29. Kaye v. Buehrle, 8 O.B.R. 495, 8 App. 3d 381 (1983); Tipton v. Nuzum, 84 App. 3d 33 (1992); Tucker v. Kritzer, 54 App. 3d 196 (1988).
30. Schubert v. Meyer, 90 Law Abs. 437 ( App. 1959), 165 N.E.2d 226.
31. Gust v. Miller, 44 Misc. 15 (1988).
32. Ohio Rev. Code § 319.202.
33. Reilley v. Richards, 3d 352 (1994).
34. Ohio Rev. Code §§ 5713.30 et seq.
35. McMillan v. Brune-Harpenesu–Torbeck Builders, Inc., 3d 3 (1983).
36. Buyer may rely on seller’s representation about soil tests without making an independent investigation. See Little v. Stogner, 592 S.E.2d 5 (N.C. Ct. App. 2004).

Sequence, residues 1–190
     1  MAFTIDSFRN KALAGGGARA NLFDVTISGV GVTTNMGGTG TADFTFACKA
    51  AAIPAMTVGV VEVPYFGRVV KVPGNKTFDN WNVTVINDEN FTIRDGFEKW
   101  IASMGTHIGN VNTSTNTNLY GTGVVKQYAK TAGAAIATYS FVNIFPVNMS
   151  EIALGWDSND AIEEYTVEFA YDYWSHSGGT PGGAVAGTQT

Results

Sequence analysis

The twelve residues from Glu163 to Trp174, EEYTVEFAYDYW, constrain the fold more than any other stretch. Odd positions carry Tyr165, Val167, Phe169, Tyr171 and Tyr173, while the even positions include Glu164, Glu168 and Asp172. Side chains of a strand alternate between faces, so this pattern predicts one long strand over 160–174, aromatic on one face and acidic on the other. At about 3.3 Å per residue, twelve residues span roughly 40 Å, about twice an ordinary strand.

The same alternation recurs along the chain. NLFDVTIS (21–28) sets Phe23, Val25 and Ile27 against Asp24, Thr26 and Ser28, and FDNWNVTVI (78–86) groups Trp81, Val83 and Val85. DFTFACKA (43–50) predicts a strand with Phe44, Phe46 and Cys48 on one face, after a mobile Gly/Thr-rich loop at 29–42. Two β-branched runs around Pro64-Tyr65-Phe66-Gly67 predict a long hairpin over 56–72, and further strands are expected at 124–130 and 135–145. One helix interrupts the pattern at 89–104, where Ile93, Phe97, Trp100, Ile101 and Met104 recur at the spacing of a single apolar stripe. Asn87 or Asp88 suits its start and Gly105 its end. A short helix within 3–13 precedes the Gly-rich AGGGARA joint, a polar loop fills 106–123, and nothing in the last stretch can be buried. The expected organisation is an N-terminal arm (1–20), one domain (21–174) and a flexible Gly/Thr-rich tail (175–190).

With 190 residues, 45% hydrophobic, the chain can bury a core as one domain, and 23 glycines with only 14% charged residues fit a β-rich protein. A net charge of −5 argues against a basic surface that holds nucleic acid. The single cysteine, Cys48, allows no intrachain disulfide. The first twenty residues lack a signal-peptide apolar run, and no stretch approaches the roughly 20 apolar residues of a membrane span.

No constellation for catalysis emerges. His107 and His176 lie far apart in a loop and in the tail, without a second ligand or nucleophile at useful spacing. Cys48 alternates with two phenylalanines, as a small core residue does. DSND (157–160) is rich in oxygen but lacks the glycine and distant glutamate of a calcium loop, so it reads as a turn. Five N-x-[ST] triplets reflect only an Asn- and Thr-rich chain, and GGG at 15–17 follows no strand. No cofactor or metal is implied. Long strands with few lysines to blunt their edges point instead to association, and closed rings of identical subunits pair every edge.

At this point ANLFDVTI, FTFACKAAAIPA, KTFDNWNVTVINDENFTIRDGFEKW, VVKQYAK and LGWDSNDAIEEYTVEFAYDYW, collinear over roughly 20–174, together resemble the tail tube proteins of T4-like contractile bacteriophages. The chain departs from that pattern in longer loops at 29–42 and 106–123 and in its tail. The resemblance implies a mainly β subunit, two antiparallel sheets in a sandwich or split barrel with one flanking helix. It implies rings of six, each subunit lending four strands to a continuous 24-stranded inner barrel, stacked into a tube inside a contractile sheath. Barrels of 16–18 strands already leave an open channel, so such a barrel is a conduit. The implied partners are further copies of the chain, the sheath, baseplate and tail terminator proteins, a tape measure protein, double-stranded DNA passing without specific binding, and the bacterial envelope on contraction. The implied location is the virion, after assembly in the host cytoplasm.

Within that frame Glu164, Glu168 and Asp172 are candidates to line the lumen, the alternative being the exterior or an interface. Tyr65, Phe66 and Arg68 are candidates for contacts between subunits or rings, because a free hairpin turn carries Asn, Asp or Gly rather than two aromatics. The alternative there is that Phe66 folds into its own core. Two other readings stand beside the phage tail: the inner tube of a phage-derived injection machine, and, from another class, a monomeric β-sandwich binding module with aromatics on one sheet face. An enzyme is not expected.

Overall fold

37. Baldwin v. New, 736 S.W.2d 148 ( App. 1997).
38. 7 U.S.C. § 3501 et seq.
39. See discussion of law relating to slander of title in Sections 152 through 157, Jur. 3d.
40. Hughes v. Mercantile Mut. Ins. Co., 55 N.Y. 265, 14 Am. Rep. 254; Raffles v. Wichelhaus, 2 Hurl. & C. (Eng.) 906.
41. Baird v. Erie R. R. Co., 210 N.Y. 225, 104 N.E. 614; Curtis v. Albee, 167 N.Y. 360, 60 N.E. 660.
42. Gibson v. Pelkie, 37 380; Riegel v. American Life Ins. Co., 153 134, 25 Atl. 1070; Duncan v. N.Y. Mut. Ins. Co., 138 N.Y. 88, 33 N.E. 730, 20 L.R.A. 386.
43. Tatum v. Coast Lumber Co., 16 471, 101 Pac. 957, 23 L.R.A. (N.S.) 1109; Steinmeyer v. Schroeppel, 226 9, 80 N.E. 564, 10 L.R.A. (N.S.) 114.
44. Andrews v. Carmody, 145 App. 3d 27 (Ct. App. 11th Dist.).